The 1905 Revolution in Russia defies succinct summary because the situation changed so radically from month to month (Freeze 252).
The Russian Revolution of 1905 was instrumental in convincing Tsar Nicholas II to attempt the transformation of the Russian government from an autocracy into a constitutional monarchy. In the years prior to the Revolution, diverse social groups demonstrated their discontent with the Russian social and political system. Their protests ranged from liberal rhetoric to strikes and included student riots and terrorist assassinations. These demonstrations of unrest culminated with the massacre of peaceful demonstrators in front of the Winter Palace in St. Petersburg. Later dubbed Bloody Sunday, the massacre would go on to spike a “roller coaster” of strikes and protests from major cities, to rural areas, even to non-Russian parts of the empire.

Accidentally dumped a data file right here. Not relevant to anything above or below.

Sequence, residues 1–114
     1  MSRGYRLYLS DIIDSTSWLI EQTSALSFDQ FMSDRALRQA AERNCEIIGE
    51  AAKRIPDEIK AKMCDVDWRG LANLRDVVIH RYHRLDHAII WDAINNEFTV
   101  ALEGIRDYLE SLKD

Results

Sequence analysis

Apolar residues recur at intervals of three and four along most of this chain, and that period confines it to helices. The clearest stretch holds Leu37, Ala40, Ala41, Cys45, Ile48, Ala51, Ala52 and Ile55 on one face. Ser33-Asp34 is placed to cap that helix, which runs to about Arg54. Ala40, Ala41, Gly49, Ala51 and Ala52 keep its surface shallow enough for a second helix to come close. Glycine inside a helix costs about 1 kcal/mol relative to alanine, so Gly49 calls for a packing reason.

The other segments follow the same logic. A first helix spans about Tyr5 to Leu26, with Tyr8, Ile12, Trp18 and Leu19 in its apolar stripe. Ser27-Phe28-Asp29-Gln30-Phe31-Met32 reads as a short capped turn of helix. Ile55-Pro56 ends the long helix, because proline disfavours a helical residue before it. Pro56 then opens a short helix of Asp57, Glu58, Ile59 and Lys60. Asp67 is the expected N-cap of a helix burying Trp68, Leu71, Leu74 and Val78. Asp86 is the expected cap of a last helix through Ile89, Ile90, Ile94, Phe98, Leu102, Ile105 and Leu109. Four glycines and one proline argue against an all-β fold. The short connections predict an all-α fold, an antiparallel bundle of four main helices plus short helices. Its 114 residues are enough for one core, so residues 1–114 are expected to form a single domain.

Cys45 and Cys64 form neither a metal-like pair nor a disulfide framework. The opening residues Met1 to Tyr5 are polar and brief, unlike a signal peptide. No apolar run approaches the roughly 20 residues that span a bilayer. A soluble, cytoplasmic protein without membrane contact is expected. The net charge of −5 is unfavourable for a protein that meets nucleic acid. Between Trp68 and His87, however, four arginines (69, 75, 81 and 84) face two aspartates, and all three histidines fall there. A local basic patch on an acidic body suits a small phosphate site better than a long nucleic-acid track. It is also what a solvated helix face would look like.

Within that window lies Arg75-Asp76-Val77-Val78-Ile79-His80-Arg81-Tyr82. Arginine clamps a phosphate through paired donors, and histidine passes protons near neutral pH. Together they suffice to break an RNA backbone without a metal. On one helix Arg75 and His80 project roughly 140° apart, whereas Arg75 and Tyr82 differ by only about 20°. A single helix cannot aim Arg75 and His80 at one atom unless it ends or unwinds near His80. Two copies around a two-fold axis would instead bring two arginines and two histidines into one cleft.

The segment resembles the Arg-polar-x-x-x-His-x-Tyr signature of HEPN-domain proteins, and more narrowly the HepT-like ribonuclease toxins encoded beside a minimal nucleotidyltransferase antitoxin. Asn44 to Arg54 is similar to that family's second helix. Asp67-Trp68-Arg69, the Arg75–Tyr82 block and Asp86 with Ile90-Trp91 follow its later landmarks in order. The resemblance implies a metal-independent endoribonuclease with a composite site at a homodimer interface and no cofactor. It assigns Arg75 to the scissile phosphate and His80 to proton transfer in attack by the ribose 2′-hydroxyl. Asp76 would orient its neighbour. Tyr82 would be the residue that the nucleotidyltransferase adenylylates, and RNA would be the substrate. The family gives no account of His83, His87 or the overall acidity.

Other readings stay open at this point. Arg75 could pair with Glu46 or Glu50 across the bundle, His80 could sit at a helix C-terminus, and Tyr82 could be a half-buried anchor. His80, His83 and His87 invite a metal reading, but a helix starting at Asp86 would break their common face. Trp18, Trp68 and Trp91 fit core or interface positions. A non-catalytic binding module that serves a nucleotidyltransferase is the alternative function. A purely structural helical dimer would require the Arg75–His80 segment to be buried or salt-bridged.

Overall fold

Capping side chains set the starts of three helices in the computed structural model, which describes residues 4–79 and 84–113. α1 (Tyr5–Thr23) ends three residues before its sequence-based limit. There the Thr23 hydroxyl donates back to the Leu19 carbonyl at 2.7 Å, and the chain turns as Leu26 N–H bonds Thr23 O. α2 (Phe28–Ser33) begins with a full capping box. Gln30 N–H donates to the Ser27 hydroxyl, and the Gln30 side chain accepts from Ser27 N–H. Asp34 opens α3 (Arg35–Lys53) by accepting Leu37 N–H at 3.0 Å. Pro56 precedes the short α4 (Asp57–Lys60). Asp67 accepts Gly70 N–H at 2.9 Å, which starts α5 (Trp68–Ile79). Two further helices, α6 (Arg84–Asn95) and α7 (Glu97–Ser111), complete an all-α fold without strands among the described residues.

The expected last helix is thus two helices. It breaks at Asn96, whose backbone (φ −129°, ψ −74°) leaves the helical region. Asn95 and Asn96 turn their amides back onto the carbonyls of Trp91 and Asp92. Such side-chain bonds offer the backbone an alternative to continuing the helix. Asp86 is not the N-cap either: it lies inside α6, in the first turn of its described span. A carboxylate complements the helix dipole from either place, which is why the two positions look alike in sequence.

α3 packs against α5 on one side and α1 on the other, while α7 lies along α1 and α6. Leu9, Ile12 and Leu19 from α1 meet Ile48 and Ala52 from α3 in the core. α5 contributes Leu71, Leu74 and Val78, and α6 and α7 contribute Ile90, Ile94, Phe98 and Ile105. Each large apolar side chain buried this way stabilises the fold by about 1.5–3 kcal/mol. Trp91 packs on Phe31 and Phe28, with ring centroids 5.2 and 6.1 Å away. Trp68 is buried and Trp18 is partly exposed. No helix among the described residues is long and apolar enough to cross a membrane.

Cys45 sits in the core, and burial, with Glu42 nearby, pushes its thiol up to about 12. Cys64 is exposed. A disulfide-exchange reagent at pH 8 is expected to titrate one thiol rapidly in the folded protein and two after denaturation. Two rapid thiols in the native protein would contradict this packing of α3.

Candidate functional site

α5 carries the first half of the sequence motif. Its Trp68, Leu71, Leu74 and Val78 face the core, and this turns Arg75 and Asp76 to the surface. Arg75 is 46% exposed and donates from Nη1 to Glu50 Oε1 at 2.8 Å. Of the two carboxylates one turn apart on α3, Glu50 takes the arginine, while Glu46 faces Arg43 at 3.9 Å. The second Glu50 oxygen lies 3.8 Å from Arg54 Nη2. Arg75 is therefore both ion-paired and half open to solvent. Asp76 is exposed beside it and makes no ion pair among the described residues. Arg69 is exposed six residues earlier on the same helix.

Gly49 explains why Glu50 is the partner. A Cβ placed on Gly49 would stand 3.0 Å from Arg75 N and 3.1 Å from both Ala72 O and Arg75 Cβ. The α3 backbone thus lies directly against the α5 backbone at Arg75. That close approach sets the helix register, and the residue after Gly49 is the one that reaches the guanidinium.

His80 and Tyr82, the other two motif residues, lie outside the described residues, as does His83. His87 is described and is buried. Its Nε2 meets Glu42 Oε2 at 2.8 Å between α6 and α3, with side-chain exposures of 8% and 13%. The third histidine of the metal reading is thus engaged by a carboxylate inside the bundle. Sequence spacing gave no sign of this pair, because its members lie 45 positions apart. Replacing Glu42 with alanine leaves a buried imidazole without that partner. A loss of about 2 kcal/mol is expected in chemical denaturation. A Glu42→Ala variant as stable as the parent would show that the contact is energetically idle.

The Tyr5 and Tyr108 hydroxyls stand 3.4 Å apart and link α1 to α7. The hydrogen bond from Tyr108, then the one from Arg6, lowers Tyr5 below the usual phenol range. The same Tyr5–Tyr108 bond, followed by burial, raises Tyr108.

With documents like the ‘October Manifesto’, Russia was able to divide the opposition. Along with the return of much of Russia’s Army from the Russo-Japanese War, Russia was able to arrest the Petersburg soviets and suppress the December uprising of workers and revolutionaries in Moscow. Calm would not fully be restored for another year and a half, but the back of the Revolution had been broken (Freeze 255).
Freeze, Gregory L. Russia: A History. New York: Oxford University Press, 2009. 216. Print.
Polnoe sobranie zakonov Rossiiskoi Imperii, 3rd series, vol. XXV/I, no. 26803.